LGBTQ Youth Advocates Demand Fair Treatment in School
Earlier this month, over 50 LGBTQ youth activists traveled from across California to Sacramento to advocate for safe and supportive school environments for all students. The GSA Advocacy and Youth Leadership Academy, also known as GAYLA, is a three-day intensive in the legislative process, policy and administrative advocacy, media activism, and other important leadership skills.
This year the youth met with their legislators to talk about three very important pieces of legislation that impact their everyday lives: AB 420 which would limit the ambiguity of willful defiance, a controversy category teaches can use to suspend students. It would also reduce school push out and protect the rights of all students, particularly those disproportionately affected like students of color, students with disabilities and LGBTQ students. SB 1111, which would eliminate involuntary transfers so young people are not traumatically uprooted from their schools and communities. And SB 840 which improves the handling of bullying and bias-based harassment.
As they usually do, the young people brought an especially vibrant energy to the capitol chanting “We are the queer youth fighting for justice & education!” among other creative mantras. They interviewed with media, gave profound speeches about their being young, LGBT students, and relived heartbreaking experiences with discrimination and stereotyping. Their energy was palpable and for anyone within ear shot, it was desperately hard to choke back the tears.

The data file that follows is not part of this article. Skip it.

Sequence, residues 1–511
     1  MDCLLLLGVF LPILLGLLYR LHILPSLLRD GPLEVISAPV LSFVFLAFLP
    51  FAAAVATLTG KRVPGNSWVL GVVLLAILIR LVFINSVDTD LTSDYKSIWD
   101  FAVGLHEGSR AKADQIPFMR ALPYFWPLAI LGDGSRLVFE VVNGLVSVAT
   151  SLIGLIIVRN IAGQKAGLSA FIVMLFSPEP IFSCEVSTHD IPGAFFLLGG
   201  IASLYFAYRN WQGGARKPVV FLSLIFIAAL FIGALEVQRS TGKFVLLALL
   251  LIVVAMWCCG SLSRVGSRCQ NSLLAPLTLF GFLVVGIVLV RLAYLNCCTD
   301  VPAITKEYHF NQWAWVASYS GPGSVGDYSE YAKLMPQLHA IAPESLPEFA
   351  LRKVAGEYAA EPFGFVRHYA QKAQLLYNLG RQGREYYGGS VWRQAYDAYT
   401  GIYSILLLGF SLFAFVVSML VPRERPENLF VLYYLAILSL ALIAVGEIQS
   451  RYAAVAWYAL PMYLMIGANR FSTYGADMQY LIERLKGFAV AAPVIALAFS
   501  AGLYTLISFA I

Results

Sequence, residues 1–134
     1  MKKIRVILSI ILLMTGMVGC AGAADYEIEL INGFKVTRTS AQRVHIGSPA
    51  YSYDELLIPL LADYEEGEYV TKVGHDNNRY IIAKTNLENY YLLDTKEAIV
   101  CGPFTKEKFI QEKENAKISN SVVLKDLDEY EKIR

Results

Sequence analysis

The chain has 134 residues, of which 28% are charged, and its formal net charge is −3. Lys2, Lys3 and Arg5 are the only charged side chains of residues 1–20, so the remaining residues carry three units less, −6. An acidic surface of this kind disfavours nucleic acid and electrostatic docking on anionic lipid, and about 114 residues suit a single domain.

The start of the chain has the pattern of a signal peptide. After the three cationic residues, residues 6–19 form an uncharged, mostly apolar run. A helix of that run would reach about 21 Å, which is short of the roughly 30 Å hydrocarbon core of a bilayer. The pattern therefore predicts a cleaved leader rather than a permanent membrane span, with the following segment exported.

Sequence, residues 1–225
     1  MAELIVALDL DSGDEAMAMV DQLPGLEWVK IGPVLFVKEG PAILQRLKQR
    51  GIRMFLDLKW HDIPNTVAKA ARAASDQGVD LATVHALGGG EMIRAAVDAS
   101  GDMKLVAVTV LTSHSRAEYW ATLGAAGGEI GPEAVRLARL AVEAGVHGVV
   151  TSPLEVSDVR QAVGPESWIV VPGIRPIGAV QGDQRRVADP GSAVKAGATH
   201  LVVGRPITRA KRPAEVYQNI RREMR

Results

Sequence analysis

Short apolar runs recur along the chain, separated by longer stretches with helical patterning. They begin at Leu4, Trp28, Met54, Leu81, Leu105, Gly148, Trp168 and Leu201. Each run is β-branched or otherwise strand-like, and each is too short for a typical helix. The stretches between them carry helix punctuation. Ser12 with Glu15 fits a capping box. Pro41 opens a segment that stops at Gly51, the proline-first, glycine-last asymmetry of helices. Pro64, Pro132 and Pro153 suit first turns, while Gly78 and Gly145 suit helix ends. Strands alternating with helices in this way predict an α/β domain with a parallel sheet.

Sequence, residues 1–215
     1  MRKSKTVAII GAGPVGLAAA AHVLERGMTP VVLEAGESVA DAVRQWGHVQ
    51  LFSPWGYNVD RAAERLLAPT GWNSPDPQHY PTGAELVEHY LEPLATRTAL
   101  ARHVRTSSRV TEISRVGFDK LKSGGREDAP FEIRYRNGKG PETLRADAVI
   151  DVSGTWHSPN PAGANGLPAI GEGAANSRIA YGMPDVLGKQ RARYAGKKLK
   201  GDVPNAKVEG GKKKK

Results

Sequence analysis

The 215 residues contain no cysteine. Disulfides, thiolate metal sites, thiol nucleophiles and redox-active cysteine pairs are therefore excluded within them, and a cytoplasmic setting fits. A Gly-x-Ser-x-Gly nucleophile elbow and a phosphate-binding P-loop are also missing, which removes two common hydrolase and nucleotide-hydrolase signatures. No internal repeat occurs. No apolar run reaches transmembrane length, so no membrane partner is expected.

“There is no excuse to deny LGBTQ students or any youth the same opportunities to learn as their peers, and we are asking legislators to take a stand in support of all California youth,” said Pat Cordova-Goff a Gay-Straight Alliance Network youth leader.
Even in California, where great strides have been made to close gaps in equality among LGBTQ people, LGBTQ youth are at increased risk for bullying by both teachers and students, school push out, and over discipline. Implementing policies that protect LGBTQ youth, creates an environment where very young person, no matter their sexual orientation or gender identity, can do well in school, graduate and thrive.
“Our goal is the same as our peers,’ we wish to graduate high school and be successful, but bullying and unreasonable school discipline policies stand in the way of our every chance,” Cordova-Goff added.
GAYLA is sponsored by ACLU of California, Equality California, GSA Network, and Transgender Law Center
Shanelle Matthews is the Communications Strategist at the ACLU of Northern California.